Other chip-related companies off to a nice start this week included Applied Materials (AMAT) and Intel (INTC). There’s a lot of possible reasons for the firmness here, but one major one could be concerns about new shutdowns as countries grapple with this new and more contagious form of Covid called the Delta variant. Chip and other Tech stocks performed very well last year when people were stuck inside with their laptops. 

Barring some sort of major jump in cases (which no one wants), the question is whether this surge in the Philadelphia Semiconductor Index (SOX) has any legs. It’s been a choppy year for the sector so far as reopening stocks stole some of Tech’s thunder. One sign that the chip rally could last is technical, because SOX has now pushed past its old 2021 high posted back in early April and now has registered a new all-time high. Sometimes when you see a major index break out of a pattern this way it can inspire more buying or some short-covering, though there’s no guarantee of either. 

OPEC, Covid Cool Off Sizzling Crude, Energy Sector

Strength in the chips and the FAANGs yesterday stood out in a market that otherwise looked a bit lackluster. The Energy sector really got whacked as crude prices sank below $73 a barrel ahead of the OPEC+ meeting scheduled for later this week. There’s a lot of scuttlebutt in the trade media about chances of the organization maybe deciding to unleash even more supply onto the market. They’ve already decided to loosen the pumps a bit starting in July. 

The OPEC+ meeting weighed on oil and Energy stocks, but the other thing bringing pressure was an old nemesis, the Covid pandemic. Fears of more shutdowns as countries face down the fast-spreading Delta variant weighed on crude and the Energy sector, while also pushing down shares of cruise and airline companies. This came despite the Transportation Security Administration (TSA) tracking 2.1 million U.S. passengers getting on planes two of the last three days. That’s down from the average of around 2.5 million for the same three days in 2019, but does tell you something about how eager people are to travel. Will it last if the Delta variant takes hold?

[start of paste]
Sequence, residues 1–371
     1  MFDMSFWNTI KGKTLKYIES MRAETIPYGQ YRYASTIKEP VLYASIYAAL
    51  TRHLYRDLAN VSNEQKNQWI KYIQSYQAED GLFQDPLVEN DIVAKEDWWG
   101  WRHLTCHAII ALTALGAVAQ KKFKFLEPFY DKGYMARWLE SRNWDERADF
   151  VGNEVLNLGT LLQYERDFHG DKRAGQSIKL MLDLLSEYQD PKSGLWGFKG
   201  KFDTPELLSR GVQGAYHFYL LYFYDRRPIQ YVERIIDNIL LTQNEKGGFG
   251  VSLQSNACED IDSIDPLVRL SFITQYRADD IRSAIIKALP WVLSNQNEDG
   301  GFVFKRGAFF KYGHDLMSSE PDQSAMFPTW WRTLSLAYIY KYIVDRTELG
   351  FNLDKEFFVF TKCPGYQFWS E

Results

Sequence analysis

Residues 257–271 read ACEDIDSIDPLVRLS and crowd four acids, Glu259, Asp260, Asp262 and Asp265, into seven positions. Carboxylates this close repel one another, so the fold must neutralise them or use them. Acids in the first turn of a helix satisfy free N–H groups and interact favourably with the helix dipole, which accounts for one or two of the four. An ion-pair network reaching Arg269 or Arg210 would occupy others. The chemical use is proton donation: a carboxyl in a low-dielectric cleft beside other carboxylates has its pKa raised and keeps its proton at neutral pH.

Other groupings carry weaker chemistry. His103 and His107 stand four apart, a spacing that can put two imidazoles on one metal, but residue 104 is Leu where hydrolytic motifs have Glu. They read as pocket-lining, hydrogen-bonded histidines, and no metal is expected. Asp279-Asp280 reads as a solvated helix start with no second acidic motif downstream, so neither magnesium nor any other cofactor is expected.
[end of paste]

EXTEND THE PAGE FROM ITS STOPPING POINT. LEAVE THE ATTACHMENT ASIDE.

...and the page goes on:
There’s plenty of reason to be cautious, but keep in mind that the U.S. is far ahead of most other countries in vaccination rates. Anecdotally, people still seem very eager to travel and go out and enjoy themselves. Which fits in with the BA/UAL news this morning. 

Barometers to Watch: VIX and RUT

Despite the new Covid fears, volatility is hanging out near its post-pandemic lows. The Cboe Volatility Index (VIX) fell below 16 yesterday. It’s been down here several times over the last month, but has always bounced back toward 20. Which raises the question of whether the 15–16 area has now become a natural bottom for VIX, when it had been 10–15 for a few years prior to Covid.

One thing to be careful about is that low VIX can sometimes be a contrarian signal for the market. If you see VIX climbing this week but stocks climbing, too, take note, because it might suggest that one of them is about to start going down. 

Another warning salvo came from the small-cap Russell 2000 (RUT) Index on Monday, which fell 0.5%. The RUT hasn’t posted a new high since March even while the SPX and NDX scaled fresh heights. Sometimes RUT can be a leading indicator for the market. Its failure to really thrive here suggests a bit more defensive trading might be taking hold, even though defensive Utilities and Staples are the two worst-performing sectors over the last month. 

Consider keeping an eye on the Financial sector the next few days, too, as major Wall Street banks announced new dividend plans now that they’ve passed the Fed’s stress tests. Morgan Stanley (MS) got things rolling late yesterday when it announced it would double its dividend. A lot of the bullish hopes already might be built into Financials, however, when you consider how well the sector did last week. Shares of MS popped about 3% in premarket trading after the news, so maybe there’s some more zip left.

philadelphia semiconductor index

CHART OF THE DAY:  MAKING A STATEMENT. After having a lot of ups and downs earlier this year and not posting a new high since early April, the Philadelphia Semiconductor Index (SOX—candlestick) posted a new all-time high Monday in a major rally. Though much of the strength came from one stock (NVDA), the chip sector might also be getting a boost from ideas that Covid may be reasserting its strength. The SOX is now well above the S&P 500 Index (SPX—purple line) in year-to-date performance. Data Sources: Nasdaq, S&P Dow Jones Indices.  Chart source: The thinkorswim® platform. For illustrative purposes only. Past performance does not guarantee future results.